John Harvard's Journal
I had my last class on a Thursday, a Core course that met early in the morning in the Science Center. After the lecture, two fellow undergraduates and I had coffee with our professor, who had invited the class to join him. We sat at a table in the sunshine outside the Greenhouse Café and discussed the life and work of Albert Einstein, the subject of the course. Once the visit ended, I walked out of the Science Center and through Tercentenary Theatre with one of the other students, a sophomore English concentrator. We talked about our final papers, and I recommended classes for him to take. We parted at the steps of Widener Library. If it hadn’t been my last day of college classes, I might have made a new friend.
The next evening, I attended a party hosted by old friends. Unlike most haphazardly organized college parties, this one featured food to represent the various republics of the former Soviet Union as well as an abundance of European alcohol. In this relaxed environment, I talked to my blockmates, familiar acquaintances, and a few new faces. Having become used to my House community, concentration, roommates, and activities—all things that eventually constituted my college experience—I seemed to have forgotten the novelty of meeting new people.
I spent Saturday afternoon at the Coop, looking through books meant to help me plan my post-graduate life. I had decided that I wanted to spend the year abroad, teaching English to make ends meet. I left with First-Time Around the World, a title as promising as I could hope for. The lazy day reminded me of other times I had leisurely browsed bookstores: when I visited college campuses as a high-school student, meandered through a foreign city, or spent a summer day looking through volumes I found interesting, independent of my schoolwork. This sense of exploration, newness, and uncertainty, I realized, was going to be my life again, following a Thursday ceremony just a month away. But in exchange, I’d have to give up so much of what had become familiar.
During the past few years, I have occasionally wondered what my senior champagne brunch would be like. The event brings seniors back to Annenberg, the freshman dining hall, to sit with their freshman entryway. I pictured white tablecloths, catered food, and myself seamlessly transitioning from one successful social interaction to another.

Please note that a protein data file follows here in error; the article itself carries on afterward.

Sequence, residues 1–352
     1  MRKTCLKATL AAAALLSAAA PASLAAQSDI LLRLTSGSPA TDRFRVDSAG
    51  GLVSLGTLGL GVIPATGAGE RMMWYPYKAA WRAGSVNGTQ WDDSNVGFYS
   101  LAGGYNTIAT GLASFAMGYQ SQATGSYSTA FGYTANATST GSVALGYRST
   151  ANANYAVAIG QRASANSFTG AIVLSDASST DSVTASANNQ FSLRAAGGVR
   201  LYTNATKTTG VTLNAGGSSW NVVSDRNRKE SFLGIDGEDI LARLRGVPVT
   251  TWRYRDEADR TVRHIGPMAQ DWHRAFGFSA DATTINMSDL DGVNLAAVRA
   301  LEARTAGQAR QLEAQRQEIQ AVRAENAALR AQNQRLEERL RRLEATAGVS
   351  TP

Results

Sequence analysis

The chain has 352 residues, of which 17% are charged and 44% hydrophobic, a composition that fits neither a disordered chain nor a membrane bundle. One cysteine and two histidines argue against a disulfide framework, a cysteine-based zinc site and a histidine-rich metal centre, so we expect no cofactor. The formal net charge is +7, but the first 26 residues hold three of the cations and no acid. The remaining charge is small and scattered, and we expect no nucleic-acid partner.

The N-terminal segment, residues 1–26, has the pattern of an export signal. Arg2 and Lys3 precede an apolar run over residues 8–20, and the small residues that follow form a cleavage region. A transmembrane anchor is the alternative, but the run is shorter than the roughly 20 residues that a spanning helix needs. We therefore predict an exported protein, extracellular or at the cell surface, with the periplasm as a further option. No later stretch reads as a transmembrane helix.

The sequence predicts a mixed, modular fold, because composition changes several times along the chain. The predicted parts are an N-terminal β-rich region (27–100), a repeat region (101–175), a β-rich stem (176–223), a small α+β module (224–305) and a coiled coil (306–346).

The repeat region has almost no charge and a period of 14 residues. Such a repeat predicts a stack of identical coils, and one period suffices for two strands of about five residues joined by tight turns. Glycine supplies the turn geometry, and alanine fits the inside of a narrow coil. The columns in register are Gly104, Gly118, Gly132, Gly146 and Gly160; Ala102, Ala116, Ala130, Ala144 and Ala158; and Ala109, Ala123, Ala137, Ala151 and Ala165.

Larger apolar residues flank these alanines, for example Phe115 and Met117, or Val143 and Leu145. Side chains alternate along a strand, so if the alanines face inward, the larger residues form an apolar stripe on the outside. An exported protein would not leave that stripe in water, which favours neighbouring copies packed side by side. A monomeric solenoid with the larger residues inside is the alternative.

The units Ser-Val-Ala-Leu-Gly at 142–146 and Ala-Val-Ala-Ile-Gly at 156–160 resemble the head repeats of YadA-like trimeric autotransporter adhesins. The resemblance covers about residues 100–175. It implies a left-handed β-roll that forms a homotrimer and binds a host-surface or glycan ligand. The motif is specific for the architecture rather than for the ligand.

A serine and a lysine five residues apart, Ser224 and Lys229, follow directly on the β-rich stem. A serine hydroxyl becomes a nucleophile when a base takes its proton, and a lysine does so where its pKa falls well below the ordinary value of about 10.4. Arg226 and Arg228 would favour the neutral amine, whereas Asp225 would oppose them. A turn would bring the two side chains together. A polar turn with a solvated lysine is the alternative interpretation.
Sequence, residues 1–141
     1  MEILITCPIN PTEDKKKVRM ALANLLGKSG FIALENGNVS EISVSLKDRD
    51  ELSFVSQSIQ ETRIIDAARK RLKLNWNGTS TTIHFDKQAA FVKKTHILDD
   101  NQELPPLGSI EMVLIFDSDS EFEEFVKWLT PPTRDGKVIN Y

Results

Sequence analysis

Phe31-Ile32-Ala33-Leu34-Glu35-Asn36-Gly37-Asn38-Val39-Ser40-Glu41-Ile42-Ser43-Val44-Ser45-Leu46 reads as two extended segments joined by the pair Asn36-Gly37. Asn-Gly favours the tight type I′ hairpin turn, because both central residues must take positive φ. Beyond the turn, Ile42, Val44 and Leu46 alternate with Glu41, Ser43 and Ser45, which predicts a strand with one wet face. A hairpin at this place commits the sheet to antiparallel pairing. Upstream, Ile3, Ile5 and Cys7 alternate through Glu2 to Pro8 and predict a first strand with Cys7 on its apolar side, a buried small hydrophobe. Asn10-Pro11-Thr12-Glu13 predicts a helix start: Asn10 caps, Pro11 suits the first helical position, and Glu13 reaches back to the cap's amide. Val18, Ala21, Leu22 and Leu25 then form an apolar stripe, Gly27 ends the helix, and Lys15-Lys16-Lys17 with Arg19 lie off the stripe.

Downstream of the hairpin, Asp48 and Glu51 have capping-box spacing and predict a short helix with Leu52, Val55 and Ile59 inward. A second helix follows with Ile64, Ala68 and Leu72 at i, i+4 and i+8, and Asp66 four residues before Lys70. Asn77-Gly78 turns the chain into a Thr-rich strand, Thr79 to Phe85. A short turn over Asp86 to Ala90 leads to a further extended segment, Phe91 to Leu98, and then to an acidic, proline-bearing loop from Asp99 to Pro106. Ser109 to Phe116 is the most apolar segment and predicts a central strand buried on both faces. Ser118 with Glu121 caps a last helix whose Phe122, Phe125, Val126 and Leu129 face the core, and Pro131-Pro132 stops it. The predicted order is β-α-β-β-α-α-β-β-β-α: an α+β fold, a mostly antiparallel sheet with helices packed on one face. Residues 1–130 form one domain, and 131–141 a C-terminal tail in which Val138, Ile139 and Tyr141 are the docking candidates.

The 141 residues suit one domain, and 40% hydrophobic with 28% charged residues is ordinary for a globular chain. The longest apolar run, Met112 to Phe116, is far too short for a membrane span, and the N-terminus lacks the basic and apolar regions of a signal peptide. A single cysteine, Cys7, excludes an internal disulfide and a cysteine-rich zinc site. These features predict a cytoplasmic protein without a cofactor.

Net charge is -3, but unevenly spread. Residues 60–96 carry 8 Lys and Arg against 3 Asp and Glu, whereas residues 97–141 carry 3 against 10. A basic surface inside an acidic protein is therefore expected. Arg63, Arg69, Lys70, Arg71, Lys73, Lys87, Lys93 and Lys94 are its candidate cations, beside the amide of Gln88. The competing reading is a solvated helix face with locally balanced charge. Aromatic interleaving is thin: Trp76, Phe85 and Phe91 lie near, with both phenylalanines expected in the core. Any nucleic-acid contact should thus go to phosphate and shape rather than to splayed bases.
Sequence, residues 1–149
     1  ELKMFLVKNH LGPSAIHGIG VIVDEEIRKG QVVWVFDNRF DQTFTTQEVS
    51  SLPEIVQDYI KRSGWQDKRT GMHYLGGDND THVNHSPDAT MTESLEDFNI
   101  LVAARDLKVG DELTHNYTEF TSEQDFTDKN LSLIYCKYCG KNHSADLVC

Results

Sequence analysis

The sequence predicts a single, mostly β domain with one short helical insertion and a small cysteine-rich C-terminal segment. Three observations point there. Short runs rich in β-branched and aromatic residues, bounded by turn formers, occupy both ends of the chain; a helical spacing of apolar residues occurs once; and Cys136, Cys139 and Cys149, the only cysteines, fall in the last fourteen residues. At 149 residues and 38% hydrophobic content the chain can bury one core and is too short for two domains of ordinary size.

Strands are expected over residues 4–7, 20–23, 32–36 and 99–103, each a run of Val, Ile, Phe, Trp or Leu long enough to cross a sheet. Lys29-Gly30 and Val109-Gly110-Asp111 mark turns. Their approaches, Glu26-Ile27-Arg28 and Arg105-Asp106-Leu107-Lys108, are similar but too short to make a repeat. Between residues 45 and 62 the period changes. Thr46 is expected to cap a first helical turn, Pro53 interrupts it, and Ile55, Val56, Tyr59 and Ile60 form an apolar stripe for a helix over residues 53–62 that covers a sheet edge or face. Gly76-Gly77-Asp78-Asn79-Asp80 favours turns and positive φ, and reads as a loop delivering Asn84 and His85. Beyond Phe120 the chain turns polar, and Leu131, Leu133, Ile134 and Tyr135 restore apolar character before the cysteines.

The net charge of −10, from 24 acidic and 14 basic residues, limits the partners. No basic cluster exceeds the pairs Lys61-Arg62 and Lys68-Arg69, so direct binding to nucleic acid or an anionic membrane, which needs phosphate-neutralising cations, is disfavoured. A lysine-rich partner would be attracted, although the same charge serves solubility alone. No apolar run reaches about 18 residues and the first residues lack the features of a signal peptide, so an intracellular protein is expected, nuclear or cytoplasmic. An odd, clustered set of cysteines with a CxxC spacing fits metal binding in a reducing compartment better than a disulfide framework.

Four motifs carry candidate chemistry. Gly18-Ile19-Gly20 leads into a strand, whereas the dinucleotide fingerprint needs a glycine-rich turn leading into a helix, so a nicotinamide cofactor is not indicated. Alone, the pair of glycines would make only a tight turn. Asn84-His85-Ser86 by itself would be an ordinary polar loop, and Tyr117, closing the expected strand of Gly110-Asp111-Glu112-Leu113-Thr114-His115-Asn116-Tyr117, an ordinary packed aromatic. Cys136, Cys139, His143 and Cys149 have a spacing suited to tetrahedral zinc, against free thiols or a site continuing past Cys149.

I was right about the tablecloths, but little else. We got our food on trays from the servery, just as we had as first-years, and struggled to balance everything while swerving left and right to avoid banging into others in too small a space. The hall was crowded and noisy, and it took some time before my freshman proctor and I could find a place to sit. Other students from our Mower entryway soon joined us.
My entryway as a whole shared relationships of friendly indifference during our year together, and the same held true in our reunion. We asked one another what we were planning to do after graduation and laughed over a few common memories. Though I followed the conversations around me as well as I could, I could not help glancing around the room, as different faces conjured up different memories for me. Oh, yes, her—we were once friendly. I wonder if we would have become friends if we had come across each other more? Oh, yes, him. Ugh. As I glanced around and saw my friends at different tables, I wished I could rearrange the seating of the event so that the people who had become my closest friends were sitting with me. I wanted to eat with them in Annenberg to supplant my memories of freshman-year awkwardness with a senior self who had more or less found her way.